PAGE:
A new paper casts doubt on recent claims that ozone depletion and global warming have combined to lower Antarctic temperatures. In fact, similar changes have taken place during the time before widespread release of greenhouse gases and ozone-destroying chemicals.
Earlier this fall Drew Shindell and Gavin Schmidt of the NASA Goddard Institute for Space Studies (GISS) published a report in Geophysical Research Letters—accompanied by NASA press releases and much fanfare—in which they claimed the observed cooling trend over the last 30 years in Antarctica was caused by a combination of global warming and the ozone hole. That cooling trend, they warned, is likely to “rapidly reverse,” resulting in enhanced warming over the South Pole during the next 50 years. Their press release promised certain disaster for the region by way of “ice sheets melting and sliding into the ocean,” leading to “greatly increasing sea levels.” This is another example of how somebody somewhere will inevitably assert that any current climate trend of any type is caused by anthropogenic global warming.
The basis for Shindell and Schmidt’s assertions is the Southern Hemisphere’s dominant mode of atmospheric circulation variability, the Antarctic Oscillation, or Southern Annular Mode (SAM), named because of its ringlike pattern of flow around the South Pole. This climate pattern is the counterpart to the Northern Hemisphere’s Annular Mode, or Arctic Oscillation. The SAM has been trending toward its positive phase for the last two to three decades, and it is this positive phase that is associated with general cooling over Southern Hemisphere polar regions.
General circulation model (GCM) simulations have suggested that ozone depletion (the ozone “hole”) and greenhouse gas increases both lead to positive trends in the SAM. Using the NASA GISS climate model, Shindell and Schmidt weigh in with simulations to test future changes in the SAM and the climate of the Southern Hemisphere based on projected changes in ozone, greenhouse gases, and the combined effects of both ozone and greenhouse gases.
They start out by claiming that the combination of ozone and greenhouse gases forcing in their GCM reproduces observed trends over the last two decades “quite well.” Taking a closer look at Figure 1, which compares the model trends with observed trends in temperature, tells a different story. The model produces wide-spread midlatitude warming, whereas only isolated and sporadic areas of warming are actually observed. In another comparison (not shown), while their model captures the general ring-like upper-atmospheric circulation pattern of the SAM, the magnitude of changes during the past 20 years, and location of anomaly regions is actually “quite different.” The model produces only weak negative trends over Antarctica, and its area of strongest negative trends is completely absent in the observations. Similarly, the areas of largest negative trends in observations are severely underestimated in the model. The model also strongly overestimates the positive trends in the Southern Hemisphere’s midlatitudes, and completely misses the largest area of observed positive trends.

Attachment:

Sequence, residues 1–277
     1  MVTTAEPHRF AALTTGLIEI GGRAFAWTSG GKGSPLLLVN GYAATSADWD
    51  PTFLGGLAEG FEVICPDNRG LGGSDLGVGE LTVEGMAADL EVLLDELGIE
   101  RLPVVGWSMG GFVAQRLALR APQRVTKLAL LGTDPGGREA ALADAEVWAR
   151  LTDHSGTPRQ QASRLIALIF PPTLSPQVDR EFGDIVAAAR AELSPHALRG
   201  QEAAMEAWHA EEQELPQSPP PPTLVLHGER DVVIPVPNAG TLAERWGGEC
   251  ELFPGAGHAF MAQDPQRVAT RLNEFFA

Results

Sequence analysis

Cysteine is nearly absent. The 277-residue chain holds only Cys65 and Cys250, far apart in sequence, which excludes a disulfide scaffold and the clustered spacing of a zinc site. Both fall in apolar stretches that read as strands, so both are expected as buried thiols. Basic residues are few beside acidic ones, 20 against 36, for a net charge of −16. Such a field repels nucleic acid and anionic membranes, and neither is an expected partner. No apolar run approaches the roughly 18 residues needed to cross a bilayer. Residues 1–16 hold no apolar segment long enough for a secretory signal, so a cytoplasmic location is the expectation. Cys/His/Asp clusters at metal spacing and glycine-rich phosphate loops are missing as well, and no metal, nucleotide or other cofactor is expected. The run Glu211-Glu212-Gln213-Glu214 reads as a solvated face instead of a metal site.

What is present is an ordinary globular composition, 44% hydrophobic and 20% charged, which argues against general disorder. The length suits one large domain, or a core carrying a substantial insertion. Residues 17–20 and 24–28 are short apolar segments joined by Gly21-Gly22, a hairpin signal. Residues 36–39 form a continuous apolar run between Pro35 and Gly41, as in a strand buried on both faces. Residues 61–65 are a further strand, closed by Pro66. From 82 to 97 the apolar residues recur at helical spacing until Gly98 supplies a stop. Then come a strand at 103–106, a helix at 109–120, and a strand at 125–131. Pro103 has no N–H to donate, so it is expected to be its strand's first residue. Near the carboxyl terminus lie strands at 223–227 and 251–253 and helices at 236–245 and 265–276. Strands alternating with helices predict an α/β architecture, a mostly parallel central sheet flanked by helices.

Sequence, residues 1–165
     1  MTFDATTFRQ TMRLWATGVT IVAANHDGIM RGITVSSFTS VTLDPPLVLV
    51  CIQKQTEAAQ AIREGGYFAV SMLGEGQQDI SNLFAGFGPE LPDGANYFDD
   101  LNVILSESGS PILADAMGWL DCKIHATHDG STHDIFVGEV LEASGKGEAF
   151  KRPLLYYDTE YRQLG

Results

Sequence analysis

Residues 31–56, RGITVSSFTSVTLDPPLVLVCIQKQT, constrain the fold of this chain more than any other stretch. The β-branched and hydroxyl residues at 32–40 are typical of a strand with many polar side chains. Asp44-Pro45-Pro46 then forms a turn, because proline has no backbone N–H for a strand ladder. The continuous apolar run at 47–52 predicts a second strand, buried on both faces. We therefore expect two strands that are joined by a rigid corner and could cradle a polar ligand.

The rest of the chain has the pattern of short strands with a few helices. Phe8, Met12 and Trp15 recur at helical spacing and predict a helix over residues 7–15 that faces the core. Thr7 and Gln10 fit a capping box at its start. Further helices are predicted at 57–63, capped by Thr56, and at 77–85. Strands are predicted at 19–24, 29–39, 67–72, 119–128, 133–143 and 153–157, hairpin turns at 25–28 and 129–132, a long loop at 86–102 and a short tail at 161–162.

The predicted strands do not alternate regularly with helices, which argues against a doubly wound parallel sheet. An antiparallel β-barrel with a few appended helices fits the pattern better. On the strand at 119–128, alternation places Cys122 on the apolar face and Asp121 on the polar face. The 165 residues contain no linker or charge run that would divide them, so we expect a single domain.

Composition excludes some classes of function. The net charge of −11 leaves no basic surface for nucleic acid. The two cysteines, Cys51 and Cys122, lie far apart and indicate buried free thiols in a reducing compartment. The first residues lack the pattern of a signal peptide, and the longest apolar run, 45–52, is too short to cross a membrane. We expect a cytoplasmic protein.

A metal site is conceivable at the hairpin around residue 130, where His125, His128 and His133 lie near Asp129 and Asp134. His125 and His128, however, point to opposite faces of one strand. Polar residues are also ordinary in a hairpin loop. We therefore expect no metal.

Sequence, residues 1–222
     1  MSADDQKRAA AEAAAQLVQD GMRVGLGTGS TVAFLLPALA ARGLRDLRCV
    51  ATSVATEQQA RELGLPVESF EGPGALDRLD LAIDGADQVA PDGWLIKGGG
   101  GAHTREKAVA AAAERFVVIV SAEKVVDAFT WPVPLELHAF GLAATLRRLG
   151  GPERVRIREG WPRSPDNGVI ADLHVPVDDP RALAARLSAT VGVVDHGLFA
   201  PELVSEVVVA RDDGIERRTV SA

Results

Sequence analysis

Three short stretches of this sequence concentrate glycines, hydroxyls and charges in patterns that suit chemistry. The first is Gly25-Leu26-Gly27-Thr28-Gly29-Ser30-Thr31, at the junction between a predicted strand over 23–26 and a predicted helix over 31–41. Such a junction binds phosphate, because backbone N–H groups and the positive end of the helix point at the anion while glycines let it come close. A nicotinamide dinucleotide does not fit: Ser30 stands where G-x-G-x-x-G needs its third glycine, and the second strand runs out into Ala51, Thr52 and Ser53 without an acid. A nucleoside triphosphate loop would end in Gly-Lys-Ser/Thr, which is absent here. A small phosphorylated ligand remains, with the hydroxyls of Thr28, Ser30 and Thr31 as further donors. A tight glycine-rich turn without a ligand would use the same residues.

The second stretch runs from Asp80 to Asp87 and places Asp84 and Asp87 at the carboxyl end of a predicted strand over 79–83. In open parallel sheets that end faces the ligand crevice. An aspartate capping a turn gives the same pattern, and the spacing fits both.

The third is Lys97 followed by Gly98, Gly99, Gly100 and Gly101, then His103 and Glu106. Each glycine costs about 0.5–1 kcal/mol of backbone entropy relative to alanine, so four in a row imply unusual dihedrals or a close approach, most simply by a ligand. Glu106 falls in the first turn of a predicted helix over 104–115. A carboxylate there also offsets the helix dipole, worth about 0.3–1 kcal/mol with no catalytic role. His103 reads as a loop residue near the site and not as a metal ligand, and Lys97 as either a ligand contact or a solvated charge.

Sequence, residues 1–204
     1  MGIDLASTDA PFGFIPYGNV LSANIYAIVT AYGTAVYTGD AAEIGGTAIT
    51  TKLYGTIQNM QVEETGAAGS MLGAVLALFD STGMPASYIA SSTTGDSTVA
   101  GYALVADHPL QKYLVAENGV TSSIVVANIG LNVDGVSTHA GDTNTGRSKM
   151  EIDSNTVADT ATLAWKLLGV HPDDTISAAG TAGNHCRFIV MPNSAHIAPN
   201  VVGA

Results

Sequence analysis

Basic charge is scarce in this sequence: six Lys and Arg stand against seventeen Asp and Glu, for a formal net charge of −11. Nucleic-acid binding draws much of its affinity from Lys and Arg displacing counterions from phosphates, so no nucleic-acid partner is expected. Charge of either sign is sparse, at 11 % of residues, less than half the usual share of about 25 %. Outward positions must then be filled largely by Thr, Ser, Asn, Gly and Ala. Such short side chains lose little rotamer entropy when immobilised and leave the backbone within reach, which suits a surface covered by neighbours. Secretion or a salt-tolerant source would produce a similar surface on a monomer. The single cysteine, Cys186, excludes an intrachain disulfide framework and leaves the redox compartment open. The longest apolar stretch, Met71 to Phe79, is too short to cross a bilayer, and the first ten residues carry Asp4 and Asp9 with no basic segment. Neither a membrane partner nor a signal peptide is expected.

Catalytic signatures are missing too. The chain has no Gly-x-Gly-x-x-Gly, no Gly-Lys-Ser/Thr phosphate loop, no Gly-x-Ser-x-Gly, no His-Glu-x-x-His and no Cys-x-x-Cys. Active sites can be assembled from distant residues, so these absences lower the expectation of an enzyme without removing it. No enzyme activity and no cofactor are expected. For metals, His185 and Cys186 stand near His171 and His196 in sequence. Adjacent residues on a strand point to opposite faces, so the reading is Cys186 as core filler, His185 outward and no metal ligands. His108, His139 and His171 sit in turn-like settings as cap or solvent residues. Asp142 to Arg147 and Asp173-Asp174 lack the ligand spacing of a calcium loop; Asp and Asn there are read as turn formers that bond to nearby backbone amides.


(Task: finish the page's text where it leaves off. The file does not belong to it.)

Figure 1. Trends in Southern Hemisphere surface air temperature, based on the GISS GCM (left) and observations (right); gray areas indicate no data. From Shindell and Schmidt, 2004.
Which is responsible for past trends: ozone depletion or greenhouse gases? The answer is quite uncertain. Increasing greenhouse gases and ozone depletion both seem to produce positive trends in the SAM. But the relative importance of these two factors depends on where and when you look, and whose climate model is employed. Atmospheric pressure changes in the mid-troposphere imply ozone accounts for most of the changes. Looking at surface pressure changes, however, greenhouse gases could be equally important. There is also a seasonality to all of these signals. In other words, as with most modeling exercises, it is inconclusive and, depending on which model is used and which atmospheric level is investigated for which season, differing results emerge.